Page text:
I’ll tell you a little story. A while back we went to Barbados. It was some years ago now and we had a really good time. We flew with a company called “My Travel” who were OK, but flew DC-10 planes, which I don’t like because most of these have been decommissioned due to their age and reliability. On the way out to Barbados we stopped in the Azores to refuel. I wouldn’t mind going there one day but we only stopped for fuel because the DC-10 couldn’t make it all the way across in one go. Anyways, we had a lovely holiday and got a nice tan.
However, on the way back the pilot said, “We’ll be landing in Tenerife due to weather conditions in the Azores to make our fuel stop”.
This was a tad weird. We knew there weren’t any major storms in that area as a family member had checked the European weather and told us. However, we landed in Tenerife and did the re-fuel. As we went toward the runway after refuelling one the engines seemed to be making a funny noise. We got to the runway and the engines were instantly stepped up to full pelt – no stopping, it just went around the last corner and the engines went flat out. Again, the right engine (don’t ask me about starboard and all that rubbish) was at a distinctly higher pitch, but we carried on powering down the runway. The engine noise got higher and higher – it was getting to a crazy whistling noise. Then BLAM. The brakes came on. We were skidding for quite a while, and the plane ended up facing the airport. I asked my missus whether this was bad (she works in the industry), at which point she said, “Just get your shoes on”.. Which was a bad sign, for me. Fire engines started pegging their way towards us and a stewardess ran towards the flight deck. People started crying, then after a few minutes the pilot came on the loudspeaker with one of the best one-liners I’ve ever heard…
“Errmm…. Sorry about that ladies and gentlemen. It appears that we have a problem …. With… Err….. One of our.. Ermmm … Engines”
More crying from various distraught people. After another few minutes they announced that the plane could not be moved. Yes, not even tugged. We stepped out, down some steps, onto the runway. I remember looking up and seeing the plane (pictured top right the next day when we went back to the airport) sitting a few hundred metres form the end of the runway, facing the airport. Not facing down the runway, but facing the airport. After getting into busses and then spending a few hours in the airport, followed by a hastily-arranged hotel and meal, we got home on a replacement aircraft the next day. The airline wrote to us and said that the delay was caused by “Object entering engine”. I still don’t believe this explanation to this day, but that’s what they reckoned. We got no money back as it was 11 hours and 55 minutes delayed. Apparently 12 hours or more is classed as a “significant” delay.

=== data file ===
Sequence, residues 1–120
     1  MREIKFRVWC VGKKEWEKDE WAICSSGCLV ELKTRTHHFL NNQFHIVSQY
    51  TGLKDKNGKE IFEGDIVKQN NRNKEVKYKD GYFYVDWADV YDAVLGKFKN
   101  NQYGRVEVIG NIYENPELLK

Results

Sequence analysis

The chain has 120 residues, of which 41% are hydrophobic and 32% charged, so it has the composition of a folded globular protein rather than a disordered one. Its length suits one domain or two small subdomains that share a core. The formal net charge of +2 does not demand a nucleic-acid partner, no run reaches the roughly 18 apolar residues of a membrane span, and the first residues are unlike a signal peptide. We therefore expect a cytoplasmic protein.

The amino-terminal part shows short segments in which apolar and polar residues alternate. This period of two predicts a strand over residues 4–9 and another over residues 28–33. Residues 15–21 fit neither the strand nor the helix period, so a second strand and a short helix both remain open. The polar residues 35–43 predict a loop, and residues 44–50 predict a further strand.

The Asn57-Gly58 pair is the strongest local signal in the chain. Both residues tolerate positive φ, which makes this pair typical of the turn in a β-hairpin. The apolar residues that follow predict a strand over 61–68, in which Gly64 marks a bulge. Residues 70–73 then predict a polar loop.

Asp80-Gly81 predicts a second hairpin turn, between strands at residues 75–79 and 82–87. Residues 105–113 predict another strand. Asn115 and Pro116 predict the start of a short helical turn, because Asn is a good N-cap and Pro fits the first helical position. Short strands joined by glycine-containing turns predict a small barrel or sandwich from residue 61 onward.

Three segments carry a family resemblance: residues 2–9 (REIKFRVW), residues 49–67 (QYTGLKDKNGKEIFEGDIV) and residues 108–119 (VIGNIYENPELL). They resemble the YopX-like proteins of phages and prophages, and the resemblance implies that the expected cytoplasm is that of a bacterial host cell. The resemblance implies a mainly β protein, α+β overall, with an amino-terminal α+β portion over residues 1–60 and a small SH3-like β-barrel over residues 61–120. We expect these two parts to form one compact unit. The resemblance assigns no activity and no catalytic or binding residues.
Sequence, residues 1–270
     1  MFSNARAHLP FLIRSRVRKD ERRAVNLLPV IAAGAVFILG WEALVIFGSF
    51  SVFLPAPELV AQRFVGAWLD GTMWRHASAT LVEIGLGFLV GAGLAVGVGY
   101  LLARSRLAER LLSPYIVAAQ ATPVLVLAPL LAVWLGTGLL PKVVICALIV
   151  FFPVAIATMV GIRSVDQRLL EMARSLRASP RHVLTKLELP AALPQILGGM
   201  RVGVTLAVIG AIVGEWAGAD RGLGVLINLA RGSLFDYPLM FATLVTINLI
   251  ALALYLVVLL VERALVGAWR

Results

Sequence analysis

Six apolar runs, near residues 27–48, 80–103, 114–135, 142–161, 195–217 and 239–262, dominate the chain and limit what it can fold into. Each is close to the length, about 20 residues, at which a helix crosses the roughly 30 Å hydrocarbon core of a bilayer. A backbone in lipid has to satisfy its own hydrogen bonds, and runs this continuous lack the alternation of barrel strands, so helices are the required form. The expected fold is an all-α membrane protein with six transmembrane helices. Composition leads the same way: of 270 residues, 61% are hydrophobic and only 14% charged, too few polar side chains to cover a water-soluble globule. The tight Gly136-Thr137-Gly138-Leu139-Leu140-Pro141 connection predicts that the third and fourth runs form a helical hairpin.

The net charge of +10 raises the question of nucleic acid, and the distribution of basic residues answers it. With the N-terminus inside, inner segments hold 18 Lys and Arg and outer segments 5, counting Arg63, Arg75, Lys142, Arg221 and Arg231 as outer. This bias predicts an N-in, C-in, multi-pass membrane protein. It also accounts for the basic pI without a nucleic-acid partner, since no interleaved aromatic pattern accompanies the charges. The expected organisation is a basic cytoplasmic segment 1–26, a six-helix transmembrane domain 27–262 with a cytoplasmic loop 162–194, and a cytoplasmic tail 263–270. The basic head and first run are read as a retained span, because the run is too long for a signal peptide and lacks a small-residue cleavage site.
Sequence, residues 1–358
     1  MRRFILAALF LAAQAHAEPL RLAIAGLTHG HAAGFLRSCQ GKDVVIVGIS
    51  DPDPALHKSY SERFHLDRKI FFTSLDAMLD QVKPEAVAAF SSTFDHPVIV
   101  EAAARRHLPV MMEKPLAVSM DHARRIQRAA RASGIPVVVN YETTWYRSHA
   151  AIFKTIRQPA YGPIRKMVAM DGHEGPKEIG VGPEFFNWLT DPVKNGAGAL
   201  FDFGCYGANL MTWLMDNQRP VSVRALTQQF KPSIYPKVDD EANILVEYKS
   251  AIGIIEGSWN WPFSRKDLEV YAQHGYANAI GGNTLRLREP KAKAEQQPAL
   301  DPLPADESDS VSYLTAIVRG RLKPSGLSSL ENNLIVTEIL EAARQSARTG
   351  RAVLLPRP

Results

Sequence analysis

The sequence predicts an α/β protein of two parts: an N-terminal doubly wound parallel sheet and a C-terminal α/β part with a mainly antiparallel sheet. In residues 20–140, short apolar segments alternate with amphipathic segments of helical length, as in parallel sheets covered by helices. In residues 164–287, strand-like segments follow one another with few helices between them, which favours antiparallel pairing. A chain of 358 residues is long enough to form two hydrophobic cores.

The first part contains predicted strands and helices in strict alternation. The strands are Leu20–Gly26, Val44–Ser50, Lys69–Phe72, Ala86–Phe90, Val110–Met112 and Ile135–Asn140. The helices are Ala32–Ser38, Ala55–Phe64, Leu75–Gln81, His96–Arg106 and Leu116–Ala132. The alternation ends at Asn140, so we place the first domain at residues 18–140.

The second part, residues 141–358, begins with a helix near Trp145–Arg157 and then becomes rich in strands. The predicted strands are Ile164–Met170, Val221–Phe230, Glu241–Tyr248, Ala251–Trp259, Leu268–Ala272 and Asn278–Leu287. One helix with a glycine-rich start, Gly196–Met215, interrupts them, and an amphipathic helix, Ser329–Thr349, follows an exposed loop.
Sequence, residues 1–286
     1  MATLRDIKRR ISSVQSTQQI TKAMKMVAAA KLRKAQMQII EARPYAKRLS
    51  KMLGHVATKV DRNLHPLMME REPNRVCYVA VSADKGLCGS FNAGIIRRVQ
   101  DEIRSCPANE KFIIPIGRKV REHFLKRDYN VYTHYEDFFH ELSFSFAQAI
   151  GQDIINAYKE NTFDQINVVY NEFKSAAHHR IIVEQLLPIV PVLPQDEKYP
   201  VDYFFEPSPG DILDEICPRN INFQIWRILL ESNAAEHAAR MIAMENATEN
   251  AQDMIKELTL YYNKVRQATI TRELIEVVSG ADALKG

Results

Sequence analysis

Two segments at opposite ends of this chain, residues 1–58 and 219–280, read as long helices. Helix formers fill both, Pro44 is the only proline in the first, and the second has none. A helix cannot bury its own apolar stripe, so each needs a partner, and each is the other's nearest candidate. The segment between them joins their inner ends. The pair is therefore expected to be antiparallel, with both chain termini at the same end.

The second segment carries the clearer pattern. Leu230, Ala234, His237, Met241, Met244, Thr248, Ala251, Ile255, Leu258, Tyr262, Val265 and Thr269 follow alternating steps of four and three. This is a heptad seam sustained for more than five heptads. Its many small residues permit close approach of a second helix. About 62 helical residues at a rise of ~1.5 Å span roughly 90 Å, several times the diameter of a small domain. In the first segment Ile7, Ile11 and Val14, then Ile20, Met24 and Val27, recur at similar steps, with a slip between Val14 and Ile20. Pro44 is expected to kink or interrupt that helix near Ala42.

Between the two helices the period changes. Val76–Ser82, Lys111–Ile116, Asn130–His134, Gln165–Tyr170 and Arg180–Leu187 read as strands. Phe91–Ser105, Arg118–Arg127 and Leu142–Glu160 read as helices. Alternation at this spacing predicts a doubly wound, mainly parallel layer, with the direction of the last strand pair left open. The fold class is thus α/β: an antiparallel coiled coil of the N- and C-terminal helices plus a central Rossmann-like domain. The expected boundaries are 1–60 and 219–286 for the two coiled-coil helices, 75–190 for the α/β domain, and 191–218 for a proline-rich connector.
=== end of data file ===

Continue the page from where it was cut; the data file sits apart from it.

So what’s my point here ? Well, through our drama – which was nothing compared to yesterdays accident in Toronto – we did NOT at any point think, “Hey, why not take a photo of the plane ?”
Strangely, as passengers ran out of the Air France Airbus flight yesterday, some bright spark thought….
“I know, I’ll take a photo on my camera! What the hell? The plane is only on FIRE after all. I’m sure that people are only running away from it through panic. I’m sure stopping, taking a photo and sending it into the press won’t hurt”.
Hmm… Well, someone did. Here’s the resulting photo. Luckily everyone on the plane was fine and all was well. They’re investigating if it was correct to land in the storm and whether there was a problem with the plane.